I deplore the waste of tax dollars spent monitoring peace groups, but I fail to detect a First Amendment issue here. No one's right to speak or assemble has been violated.
Instead of complaining about the surveillance, perhaps Maria Allwine should be applauding it ("State police spying is dangerous repression," Commentary, July 22).
After all the hours I spent scouring the Inner Harbor and farmers' market for signatures, I became disillusioned that so few people cared about the actions of our government or the poaching of the Maryland National Guard for overseas duty.
Now, I am delighted that peace groups are being taken seriously once again.
If I am on any watch list, great.
Standing up for what is right is a privilege. And if the cops want to monitor me, bring 'em on.
Rosalind Nester Ellis, Baltimore
Working to diversify doctors of today
The American Medical Association of today recognizes that words alone do not remove the stain of past discrimination but they can help promote healing and propel us forward in our efforts to close the racial divide in health care ("Honor the oath," editorial, July 13).
The AMA of today has no place for discrimination and welcomes all physicians. Through our Minority Affairs Consortium, we work to address the specific needs of minority physicians and increase efforts to train more minority physicians.
We also encourage minority students to consider careers in medicine through the "Doctors Back to School" program, which arranges for physicians to visit schools.
In partnership with the National Medical Association and the National Hispanic Medical Association, we also founded the Commission to End Health Care Disparities, which is working to eliminate all prejudice in health care.
We remain committed to eliminating health care disparities, increasing diversity in the physician population and improving our relationship with minority physicians.
Dr. Ronald M. Davis, Chicago
The writer is a former president of the American Medical Association.
Make illegal aliens register, go home
I think the politicians need to stop worrying about hurting people's feelings and breaking up the families of illegal immigrants ("Immigration reform a hot topic again," July 13).
That is not the problem of the U.S. government. It is the problem of people coming into this country illegally.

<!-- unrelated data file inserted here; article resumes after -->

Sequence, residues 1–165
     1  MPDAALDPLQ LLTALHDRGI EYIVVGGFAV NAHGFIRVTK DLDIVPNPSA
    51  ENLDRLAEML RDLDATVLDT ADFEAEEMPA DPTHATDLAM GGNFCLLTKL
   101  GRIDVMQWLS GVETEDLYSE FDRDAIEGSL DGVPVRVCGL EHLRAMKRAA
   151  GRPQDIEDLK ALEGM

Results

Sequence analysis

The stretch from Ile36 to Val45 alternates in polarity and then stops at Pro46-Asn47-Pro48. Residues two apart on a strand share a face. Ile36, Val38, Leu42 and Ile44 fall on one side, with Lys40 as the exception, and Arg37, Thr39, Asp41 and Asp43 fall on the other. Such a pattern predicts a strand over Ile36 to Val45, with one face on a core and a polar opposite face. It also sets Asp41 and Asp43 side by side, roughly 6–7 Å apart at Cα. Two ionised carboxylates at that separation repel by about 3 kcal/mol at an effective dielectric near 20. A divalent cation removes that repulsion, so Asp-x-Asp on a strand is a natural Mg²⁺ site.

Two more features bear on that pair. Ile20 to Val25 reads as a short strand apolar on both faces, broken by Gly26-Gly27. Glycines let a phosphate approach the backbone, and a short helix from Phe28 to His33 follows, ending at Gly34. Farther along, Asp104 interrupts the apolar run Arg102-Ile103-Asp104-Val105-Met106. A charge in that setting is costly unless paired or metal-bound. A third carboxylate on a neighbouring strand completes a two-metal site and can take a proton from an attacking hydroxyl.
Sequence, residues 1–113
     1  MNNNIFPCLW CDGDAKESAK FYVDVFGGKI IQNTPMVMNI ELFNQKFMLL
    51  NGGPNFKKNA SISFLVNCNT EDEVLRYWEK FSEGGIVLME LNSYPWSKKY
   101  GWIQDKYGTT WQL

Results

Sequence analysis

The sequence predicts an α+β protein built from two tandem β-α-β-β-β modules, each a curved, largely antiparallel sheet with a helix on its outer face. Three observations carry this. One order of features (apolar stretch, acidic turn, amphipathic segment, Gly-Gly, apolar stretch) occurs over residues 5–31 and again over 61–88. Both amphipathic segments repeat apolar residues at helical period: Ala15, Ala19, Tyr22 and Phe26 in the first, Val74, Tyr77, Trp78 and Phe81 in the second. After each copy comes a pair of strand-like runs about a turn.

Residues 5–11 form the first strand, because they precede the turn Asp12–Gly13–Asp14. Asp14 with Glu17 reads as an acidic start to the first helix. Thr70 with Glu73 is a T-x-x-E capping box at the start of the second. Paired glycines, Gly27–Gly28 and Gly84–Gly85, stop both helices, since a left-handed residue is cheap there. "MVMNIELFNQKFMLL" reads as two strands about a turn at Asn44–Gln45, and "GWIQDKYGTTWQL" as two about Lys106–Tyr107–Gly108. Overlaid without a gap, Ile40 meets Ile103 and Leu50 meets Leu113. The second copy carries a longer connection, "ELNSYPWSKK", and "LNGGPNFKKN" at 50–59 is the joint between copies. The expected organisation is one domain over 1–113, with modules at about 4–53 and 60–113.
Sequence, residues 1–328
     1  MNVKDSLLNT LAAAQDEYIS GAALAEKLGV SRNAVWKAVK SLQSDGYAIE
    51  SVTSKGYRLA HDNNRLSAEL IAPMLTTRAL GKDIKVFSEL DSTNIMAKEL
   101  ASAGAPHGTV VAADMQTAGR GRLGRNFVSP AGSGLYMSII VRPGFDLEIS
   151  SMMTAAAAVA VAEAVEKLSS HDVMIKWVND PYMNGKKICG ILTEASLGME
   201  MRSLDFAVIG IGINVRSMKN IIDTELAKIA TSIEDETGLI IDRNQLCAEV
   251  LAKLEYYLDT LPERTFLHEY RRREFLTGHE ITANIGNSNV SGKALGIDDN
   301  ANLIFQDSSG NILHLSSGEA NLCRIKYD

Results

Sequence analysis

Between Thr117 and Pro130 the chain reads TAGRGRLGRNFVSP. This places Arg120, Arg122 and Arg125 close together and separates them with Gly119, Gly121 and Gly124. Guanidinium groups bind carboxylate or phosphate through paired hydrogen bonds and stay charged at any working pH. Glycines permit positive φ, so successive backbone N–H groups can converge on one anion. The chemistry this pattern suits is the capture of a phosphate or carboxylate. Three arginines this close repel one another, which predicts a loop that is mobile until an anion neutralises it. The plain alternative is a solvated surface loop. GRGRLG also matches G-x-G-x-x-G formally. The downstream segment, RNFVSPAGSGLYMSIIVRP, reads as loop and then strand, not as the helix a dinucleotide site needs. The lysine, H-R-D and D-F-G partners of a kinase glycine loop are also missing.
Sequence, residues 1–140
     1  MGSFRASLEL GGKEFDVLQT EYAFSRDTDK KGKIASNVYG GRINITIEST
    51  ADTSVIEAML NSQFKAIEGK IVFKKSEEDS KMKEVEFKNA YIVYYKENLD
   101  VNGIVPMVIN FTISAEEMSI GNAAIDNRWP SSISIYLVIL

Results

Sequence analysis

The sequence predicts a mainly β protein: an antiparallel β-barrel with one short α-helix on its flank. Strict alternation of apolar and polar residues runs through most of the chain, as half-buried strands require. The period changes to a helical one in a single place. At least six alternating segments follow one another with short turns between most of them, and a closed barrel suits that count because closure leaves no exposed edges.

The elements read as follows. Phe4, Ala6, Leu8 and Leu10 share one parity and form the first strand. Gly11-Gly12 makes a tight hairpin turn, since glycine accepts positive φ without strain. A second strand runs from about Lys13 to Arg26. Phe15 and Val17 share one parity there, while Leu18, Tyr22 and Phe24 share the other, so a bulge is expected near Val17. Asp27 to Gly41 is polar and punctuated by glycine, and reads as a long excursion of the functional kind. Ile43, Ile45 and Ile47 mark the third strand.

Many of these illegals have kids that they can't afford, and our government ends up paying to help support them. That means the people of the United States end up paying to support these families.
We should give the illegal immigrants one month to register, and then put them on boats, trains and buses and send them home.
They could later apply to come back legally. The illegal aliens who register and leave would be given a higher priority than others who want to immigrate to the United States legally.
Everyone who doesn't register should be caught and deported as soon as possible.
Jim Krug, Baltimore
Riverbank better left to nature
Are we the only ones who disagree with Teddy Betts' self-appointed artistic endeavor of rearranging the natural formation of rocks at the Patapsco River just below the bridge in historic Ellicott City?
The Sun's article "Art teased from the river" (July 18) describes his summer initiative in the name of art and spirituality as one that seems to be widely accepted (at least by those quoted in the article). But is it art?
We are nearby residents who frequent the area, and we find the display a travesty of nature. Not only has the beautiful, natural landscape along the riverbank been spoiled (albeit temporarily), but to us the scene is disturbing and, dare we say, ugly.
Hasn't there been enough spoilage of nature by man?
Let the next storm restore Mr. Betts' canvas to the way it should be - unspoiled by human hands.
Mike Barr Esther Barr, Catonsville